Mile 109.2 – Shinumo: Class IV. Read-and-run.

Mile 109.7 – 109 Mile: Class II. Center-left entrance for a read-and-run.

Mile 110 – One-ten Mile: River Right. Large camp. This is your last good opportunity for camping for five miles.

Mile 110.4 – 110 Mile: Class III. Read-and-run.

Mile 111.3 – Hakatai: Class IV. Read-and-run.

Mile 112.8 – Walthenburg: Class VI. Right scout. Walthenburg can be run on the left or the right. There is a large hole in the middle of the rapid that is to be avoided. There is a large wave train down the left side of the rapid that can be run to bypass the middle hole. It is also possible to hug the right shoreline for a shallow, dry run that also avoids the middle hole.

Mile 114.9 – Upper Garnet: River Right. Small camp. Pull-in is just below the debris fan.

Mile 115.1 – Lower Garnet: River Right. Small camp. Pull-in is also just below a deris fan similar to Upper Garnet.

Mile 117.2 – Elves Chasm: River Left. Hike up the creek to reach a gorgeous waterfall. Click here for a detailed description. 

Mile 118.7 – 118.6 Mile: River Right. Small camp.

Mile 119.2 – 119 Mile: Class II. Easy run down the right side of the rapid.

Mile 119.4 – Big Dune: River Right. Medium sized camp.

Mile 119.8 – 119.8 Mile: River Right. Medium sized camp.

Mile 120.4 – 120 Mile: River Left. Large, sandy camp.

Mile 120.6 – Opposite Blacktail: River Left. Small camp. Pull-in is above Blacktail Rapid.

Mile 120.6 – Upper Blacktail: River Right. Small camp. Pull-in is at the top of the Blacktail Canyon debris fan. You can hike from camp into Blacktail Canyon. Canyoneers can hike up and around the left side of the canyon and run a series of short rappels back to camp. Near the mouth of the canyon make sure to look for the Great Uncomformity. There is a section of 550 million year old Tapeats Sandston layered on top of 1.6 billion-year-old Vischnu Schist.

Mile 120.7 – Blacktail: Class III. Read-and-run rapid.

Mile 120.8 – Lower Blacktail: River Right. Small camp. Hug the right side of the riffle to hit the pull-in eddy near the top. There is a steep climb up a rocky bank to get to a remarkably pretty camp. There is camping on the Tapeats ledges next to the canyon as well as on the debris fan itself. Click here for a detailed description.

Mile 120.8 – Below Blacktail: River Left. Large camp. Rocky.

Mile 121.4 – 121.4 Mile: River Left. Small camp.

Mile 122.2 – 122 Mile: Class IV. Read-and-run.

Mile 122.3 – 122.2 Mile: River Left. Medium sized camp.

Mile 122.8 – Onetwentytwo-Mile: River Right. Medium sized camp.

Mile 123.2 – Forster: Class V. Read-and-run.

Mile 123.3 – Upper Forster: River Left. Medium sized camp.

Mile 123.7 – Below Forster: River Right. Medium sized camp.

Mile 124.2 – Enfilade: River Left. Large camp.

Mile 125 – Above Fossil: River Left. Large camp.

Mile 125.4 – Fossil: River Left. Large camp. There is hiking access to Fossil Canyon from camp.

Mile 125.4 – Fossil: Class V. Right-of-center entrance. Read-and-run as the river winds back and forth. There are fun waves down the rapid. Be careful of hitting the right wall.

Mile 126.1 – Below Fossil: River Left. Medium sized camp. The sand bank at pull-in is steep. There is a flat camping ledge with gorgeous upstream views on the downstream side of camp. There is hiking acccess to Fossil Canyon from camp. Click here for a detailed description.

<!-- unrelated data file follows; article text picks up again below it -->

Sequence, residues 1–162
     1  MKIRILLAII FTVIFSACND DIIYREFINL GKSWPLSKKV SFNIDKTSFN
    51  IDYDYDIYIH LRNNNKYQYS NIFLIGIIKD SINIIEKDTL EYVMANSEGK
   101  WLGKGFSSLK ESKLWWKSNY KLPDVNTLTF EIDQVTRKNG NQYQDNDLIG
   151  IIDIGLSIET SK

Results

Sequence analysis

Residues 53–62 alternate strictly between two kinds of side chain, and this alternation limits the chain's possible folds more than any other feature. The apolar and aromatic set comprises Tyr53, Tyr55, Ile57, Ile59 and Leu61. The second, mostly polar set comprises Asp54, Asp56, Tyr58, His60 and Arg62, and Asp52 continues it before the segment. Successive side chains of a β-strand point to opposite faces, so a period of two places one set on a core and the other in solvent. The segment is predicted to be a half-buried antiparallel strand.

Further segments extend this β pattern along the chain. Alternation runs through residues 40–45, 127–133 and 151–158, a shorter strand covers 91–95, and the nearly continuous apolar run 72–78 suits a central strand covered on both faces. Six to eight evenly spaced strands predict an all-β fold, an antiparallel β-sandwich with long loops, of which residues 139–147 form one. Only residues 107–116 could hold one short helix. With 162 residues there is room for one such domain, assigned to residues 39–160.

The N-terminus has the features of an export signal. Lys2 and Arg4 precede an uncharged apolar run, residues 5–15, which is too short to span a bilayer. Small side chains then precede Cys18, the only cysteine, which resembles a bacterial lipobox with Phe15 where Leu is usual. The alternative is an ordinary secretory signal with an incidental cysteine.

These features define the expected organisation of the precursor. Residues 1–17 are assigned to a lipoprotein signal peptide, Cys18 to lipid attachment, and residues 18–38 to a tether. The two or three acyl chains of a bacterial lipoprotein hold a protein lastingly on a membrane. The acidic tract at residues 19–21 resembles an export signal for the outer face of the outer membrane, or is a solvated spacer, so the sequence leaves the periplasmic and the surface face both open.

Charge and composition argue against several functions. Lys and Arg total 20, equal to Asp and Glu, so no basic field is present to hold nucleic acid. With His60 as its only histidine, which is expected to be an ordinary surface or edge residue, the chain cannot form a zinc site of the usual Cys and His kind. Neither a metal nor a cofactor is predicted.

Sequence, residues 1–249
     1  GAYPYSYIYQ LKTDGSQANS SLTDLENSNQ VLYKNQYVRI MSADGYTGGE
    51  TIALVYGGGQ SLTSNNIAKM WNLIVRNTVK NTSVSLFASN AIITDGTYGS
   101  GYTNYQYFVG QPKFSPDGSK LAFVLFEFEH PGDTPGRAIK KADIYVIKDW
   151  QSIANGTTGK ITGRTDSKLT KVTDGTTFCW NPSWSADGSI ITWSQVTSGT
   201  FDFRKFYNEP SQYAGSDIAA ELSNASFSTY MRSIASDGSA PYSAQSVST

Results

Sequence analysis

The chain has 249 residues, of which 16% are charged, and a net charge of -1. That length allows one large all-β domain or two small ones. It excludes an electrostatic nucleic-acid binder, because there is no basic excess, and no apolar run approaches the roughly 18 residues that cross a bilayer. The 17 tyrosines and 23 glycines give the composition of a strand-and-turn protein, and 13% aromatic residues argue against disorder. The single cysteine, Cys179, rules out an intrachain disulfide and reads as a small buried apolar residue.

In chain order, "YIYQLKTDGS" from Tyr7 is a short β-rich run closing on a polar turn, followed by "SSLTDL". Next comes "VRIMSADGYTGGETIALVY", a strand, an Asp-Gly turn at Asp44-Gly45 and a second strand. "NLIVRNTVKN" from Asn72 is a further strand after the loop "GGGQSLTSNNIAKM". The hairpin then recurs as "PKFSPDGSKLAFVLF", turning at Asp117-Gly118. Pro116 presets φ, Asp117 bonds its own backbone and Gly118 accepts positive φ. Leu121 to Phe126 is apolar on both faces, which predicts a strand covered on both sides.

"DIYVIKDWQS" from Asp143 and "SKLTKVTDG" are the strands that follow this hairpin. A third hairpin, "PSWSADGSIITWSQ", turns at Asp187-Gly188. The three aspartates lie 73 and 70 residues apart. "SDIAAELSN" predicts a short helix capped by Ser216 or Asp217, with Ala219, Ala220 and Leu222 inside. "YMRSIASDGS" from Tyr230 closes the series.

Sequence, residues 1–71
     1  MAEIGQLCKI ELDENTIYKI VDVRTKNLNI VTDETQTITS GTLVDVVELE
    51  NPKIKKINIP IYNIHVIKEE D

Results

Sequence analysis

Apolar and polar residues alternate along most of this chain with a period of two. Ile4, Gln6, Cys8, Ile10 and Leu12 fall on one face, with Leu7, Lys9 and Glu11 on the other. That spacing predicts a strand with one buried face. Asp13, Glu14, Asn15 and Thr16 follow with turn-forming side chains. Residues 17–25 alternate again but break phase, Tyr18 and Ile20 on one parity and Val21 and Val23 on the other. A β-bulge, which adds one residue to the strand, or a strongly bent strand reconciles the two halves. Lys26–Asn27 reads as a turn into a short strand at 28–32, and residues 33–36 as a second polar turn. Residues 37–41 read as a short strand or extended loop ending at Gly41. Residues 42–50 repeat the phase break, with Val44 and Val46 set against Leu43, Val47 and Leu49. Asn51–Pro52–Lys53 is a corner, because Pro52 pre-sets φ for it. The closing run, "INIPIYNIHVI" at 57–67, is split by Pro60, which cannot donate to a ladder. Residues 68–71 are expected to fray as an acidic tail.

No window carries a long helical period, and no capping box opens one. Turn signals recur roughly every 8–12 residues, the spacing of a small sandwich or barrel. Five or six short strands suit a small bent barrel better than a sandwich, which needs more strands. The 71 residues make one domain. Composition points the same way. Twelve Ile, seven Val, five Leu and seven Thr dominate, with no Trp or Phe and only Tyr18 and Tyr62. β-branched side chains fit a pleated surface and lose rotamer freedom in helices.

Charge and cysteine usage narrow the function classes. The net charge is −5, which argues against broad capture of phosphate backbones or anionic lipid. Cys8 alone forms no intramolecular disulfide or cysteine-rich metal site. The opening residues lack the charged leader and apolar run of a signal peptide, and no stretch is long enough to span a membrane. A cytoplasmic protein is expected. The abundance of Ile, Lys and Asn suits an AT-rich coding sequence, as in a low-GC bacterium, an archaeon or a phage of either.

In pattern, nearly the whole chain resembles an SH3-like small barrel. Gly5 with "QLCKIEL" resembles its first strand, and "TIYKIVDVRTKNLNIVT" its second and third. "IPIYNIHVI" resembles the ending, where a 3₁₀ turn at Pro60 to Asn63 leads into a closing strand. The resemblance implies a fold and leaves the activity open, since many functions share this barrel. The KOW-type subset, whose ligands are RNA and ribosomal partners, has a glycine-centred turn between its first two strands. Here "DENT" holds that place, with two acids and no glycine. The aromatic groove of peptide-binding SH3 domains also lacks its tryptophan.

Mile 127 – Randys Rock: River Right. Medium sized camp.

Mile 127 – Randy’s Rock Rapid: Class I. A giant slab of tapeats sandstone is left of center which probably would have gone unnamed and barely noticed except that a 22 foot boat wrapped here on a commercial trip. This feature is just downstream from Randy’s Rock camp. Click here for a detailed description.

Mile 127.3 – 127 Mile Rapid: Class III. Read-and-run.

Mile 129.1 – 128 Mile Rapid: Class III. Read-and-run rapid.

Mile 129.8 – Specter: Class VI. Left scout. Center-right run. There is a large hole in the center of the rapid. There is a clean line running between the hole and the right wall.

Mile 131 – Bedrock: Class VII. Right scout. Bedrock Rapid is a consequential rapid. Go to the right of the center island at the bottom of the rapid. Pull along the right shore in order to do this. Many boats flip by missing the move and hitting the center rock.  Click here for a detailed description. 

Mile 131.8 – Below Bedrock: River Right. Medium sized camp.

Mile 132.2 – Galloway: River Right. Large camp.

Mile 132.3 – Dubendorf Rapid: Class VII. Left scout. Dubendorf is a fun one. Get left to-right momentum at the top for a center-right run. Click here for a detailed description.

Mile 132.5 – Stone Creek: River Right. Medium sized camp. There is a short hiking option up the creek.

Mile 133.7 – Talking Heads: River Left. Medium sized camp.

Mile 134.2 – Racetrack: River Right. Medium sized camp. This is your best option for camping if your party wants to do the excellent Thunder River Hike. If you choose to do the hike, several people will need to row your boats down to Deer Creek Falls where they will meet the hiking group later in the day.

Mile 134.3 – Tapeats Creek / Thunder River Trailhead: River Right. The trailhead for the very popular Thunder River thru-hike. Start the hike on the left side of Tapeats Creek. This is a favorite for many Grand Canyon boaters, and we highly recommend it. Click here for a detailed description.

Mile 134.4 – Tapeats: Class V. Straight down the middle. There are holes on both sides of the river.

Mile 134.4 – Below Tapeats: River Right. Large camp.

Mile 134.8 – Above Owl Eyes: River Left. Large camp.

Mile 135.2 – Owl Eyes: River Left. Large camp.